The Victory by Anne Stevenson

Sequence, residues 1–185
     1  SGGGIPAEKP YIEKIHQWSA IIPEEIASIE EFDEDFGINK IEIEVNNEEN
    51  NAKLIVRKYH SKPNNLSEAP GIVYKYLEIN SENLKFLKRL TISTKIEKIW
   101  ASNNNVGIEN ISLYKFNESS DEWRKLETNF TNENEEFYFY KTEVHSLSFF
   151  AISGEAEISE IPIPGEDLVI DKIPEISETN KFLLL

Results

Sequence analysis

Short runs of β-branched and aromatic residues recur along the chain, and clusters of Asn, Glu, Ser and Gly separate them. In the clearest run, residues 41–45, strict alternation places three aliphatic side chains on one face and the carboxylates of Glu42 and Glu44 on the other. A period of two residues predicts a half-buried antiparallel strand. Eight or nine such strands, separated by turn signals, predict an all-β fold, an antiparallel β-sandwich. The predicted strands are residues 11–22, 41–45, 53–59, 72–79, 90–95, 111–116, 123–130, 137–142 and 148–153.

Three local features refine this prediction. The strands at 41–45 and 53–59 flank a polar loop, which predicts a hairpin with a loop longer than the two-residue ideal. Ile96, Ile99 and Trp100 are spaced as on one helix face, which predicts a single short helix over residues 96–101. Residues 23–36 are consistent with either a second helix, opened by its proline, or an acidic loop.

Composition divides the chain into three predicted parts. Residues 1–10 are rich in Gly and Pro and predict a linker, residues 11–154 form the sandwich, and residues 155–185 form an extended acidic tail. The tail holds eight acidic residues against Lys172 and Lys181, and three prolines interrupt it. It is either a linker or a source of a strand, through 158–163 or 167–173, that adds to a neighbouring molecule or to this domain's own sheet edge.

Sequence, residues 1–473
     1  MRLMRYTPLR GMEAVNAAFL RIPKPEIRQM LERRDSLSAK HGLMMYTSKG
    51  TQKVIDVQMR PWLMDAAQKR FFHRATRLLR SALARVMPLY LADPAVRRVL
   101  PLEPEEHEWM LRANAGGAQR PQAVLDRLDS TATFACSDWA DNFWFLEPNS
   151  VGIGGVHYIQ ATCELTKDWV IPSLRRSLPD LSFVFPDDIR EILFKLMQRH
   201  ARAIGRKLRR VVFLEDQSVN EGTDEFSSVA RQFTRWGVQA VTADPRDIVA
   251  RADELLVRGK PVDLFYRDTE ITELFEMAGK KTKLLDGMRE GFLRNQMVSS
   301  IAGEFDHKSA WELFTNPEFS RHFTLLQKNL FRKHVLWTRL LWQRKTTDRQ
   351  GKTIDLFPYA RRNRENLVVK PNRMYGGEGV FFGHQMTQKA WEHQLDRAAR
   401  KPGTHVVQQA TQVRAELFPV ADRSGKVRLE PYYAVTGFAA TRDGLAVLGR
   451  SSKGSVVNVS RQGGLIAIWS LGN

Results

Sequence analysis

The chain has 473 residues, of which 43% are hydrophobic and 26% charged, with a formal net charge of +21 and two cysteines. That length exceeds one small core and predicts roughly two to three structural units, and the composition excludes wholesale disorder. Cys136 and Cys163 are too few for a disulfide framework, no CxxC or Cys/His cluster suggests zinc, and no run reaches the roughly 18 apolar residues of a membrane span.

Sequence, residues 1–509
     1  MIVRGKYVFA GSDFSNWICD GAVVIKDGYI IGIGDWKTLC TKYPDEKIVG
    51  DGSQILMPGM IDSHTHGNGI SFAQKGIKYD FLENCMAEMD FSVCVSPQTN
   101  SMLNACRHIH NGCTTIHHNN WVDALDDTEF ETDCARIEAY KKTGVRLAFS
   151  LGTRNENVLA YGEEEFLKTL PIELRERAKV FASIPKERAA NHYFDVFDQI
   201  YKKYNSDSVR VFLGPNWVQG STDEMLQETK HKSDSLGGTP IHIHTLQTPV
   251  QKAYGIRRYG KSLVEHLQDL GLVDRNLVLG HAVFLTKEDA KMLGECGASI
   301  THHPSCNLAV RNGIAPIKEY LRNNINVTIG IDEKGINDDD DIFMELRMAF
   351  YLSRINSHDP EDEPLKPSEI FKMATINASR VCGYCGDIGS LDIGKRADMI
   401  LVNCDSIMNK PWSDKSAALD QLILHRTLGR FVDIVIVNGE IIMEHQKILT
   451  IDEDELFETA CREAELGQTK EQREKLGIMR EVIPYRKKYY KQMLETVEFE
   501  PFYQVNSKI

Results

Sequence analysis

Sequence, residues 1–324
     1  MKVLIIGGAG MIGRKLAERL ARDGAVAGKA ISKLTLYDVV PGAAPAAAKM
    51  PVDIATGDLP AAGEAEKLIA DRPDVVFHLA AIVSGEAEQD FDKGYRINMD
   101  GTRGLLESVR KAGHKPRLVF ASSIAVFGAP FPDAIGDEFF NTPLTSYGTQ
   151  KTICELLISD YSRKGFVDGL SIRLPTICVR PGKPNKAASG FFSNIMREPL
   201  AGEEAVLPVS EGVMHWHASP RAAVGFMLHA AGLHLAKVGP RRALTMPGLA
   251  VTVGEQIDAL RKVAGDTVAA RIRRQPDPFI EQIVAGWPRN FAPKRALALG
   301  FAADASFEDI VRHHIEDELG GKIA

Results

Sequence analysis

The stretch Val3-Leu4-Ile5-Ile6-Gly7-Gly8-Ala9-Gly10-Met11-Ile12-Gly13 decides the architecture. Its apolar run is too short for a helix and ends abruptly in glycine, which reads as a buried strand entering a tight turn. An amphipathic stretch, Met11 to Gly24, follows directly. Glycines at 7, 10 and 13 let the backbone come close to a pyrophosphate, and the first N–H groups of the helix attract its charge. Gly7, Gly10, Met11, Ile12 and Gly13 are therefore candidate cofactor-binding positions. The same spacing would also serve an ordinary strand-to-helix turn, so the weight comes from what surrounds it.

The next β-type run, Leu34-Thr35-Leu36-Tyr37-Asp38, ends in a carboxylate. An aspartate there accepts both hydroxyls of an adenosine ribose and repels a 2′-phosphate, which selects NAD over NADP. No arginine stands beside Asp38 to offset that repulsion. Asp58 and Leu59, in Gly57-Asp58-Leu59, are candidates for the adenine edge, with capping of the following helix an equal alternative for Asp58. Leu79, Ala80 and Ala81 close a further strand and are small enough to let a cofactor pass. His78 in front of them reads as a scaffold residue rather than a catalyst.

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When I first looked at this piece, it reminded me of Bill Watterson's poems from the front of Calvin & Hobbes anthologies, like "The Yukon Song" from page three of Yukon Ho! ("We'll never have to go to school,/Forced into submission,/By monstrous, crabby teachers who'll/Make us learn addition."). This was primarily because the outward subject of the poem is immediately apparent: a woman complaining about her baby son. It is not hidden behind a shroud of metaphors and images, requiring particularly deep thought for understanding. The basic idea is clear. The association was also due to the almost trite A-B-A-B rhyme scheme, which makes it seem a bit comical at first glance. This carefree, sing-song format may have been used deliberately by the poet to show that, despite the negative things she is saying, she loves her son unconditionally. She can't help it. "Why do I have to love you?" she muses in line 15. This poem seems more like the things an adoring mother might say to her infant son after he awakens her in the night with his "bladed cries" than the fervent rantings of a mental patient whose son destroyed her life. The first stanza is fairly straightforward. It depicts clearly the pride a mother feels after she has given birth in spite of the physical pain it caused her. This mother thought of her son as a victory. She had won; she had fulfilled her purpose in life. Nevertheless, she immediately noticed the apparent unappreciativeness ("…you cut me like a knife") which plagues many parents through their children's first twenty years, and beyond. Clearly lines three and four, "…I brought you out of my body/into your life," refer to the actual birth of her son. The second stanza physically describes the newborn. It is extremely difficult to give birth (or so I've heard); to battle against this "tiny antagonist" who doesn't seem to want to go where he is being pushed. And when he finally comes out he is little more than a gory, eight-pound bruise. "Tiny antagonist" also introduces the idea that this is a bit of a competition between mother and infant, an idea which is revisited in the last line. The "cloud of glory" mentioned in line seven is physically the placenta, but represents a sort of organic royal robe; an air of entitlement, almost pretentiousness, that children and adolescents often have. The poem gets a little more interesting as we enter the third stanza. First, there is the word "blind" in line nine, which has a double meaning. The most obvious is that the newborn baby can barely see through his "blank insect eyes," yet he still dares to scream and demand. Far more interesting, though, is the idea that this is a "blind baby" as in a "blind shot" or a "blind curve." The mother (and probably the father, too) went into this baby-making business blindly, without fully understanding what was involved. This comes to mind for the mother now as she gets up, for the nth time that month, to feed her baby in the middle of the night. Also interesting in stanza three is the first of two animal analogies. Both the insect in line ten and the snail in line 13 are animals which are more or less at the mercy of humans. Either can be snuffed out relatively easily. This is true of the baby, too. Despite his thankless attitude, he is alive only because others allow him to be. The two small animals each individually represent other characteristics of the son. The insect is a mindless drone, existing only to eat and, it seems, to annoy, while the snail is lazy, sluggish, and snot-covered. The insect metaphor is carried to the end of the third stanza, as the baby is said to "barb the air" and "sting/with bladed cries." There is also a "Hungry snarl" in line 14. A snarl, while not animal by definition, is often associated with dogs and other beasts, so it seems prudent to tie it in. This poem, like many others, pulls out of images in the last two-and-a-half lines to dabble in self-analysis. Line 15 stands out from the rest of the poem because it breaks the otherwise rigid rhyme scheme. Again, she wants to emphasize that in spite of all she has said, she truly does love her son. However, she is also expressing genuine wonder as to why she is forced to love this creature which gives her nothin

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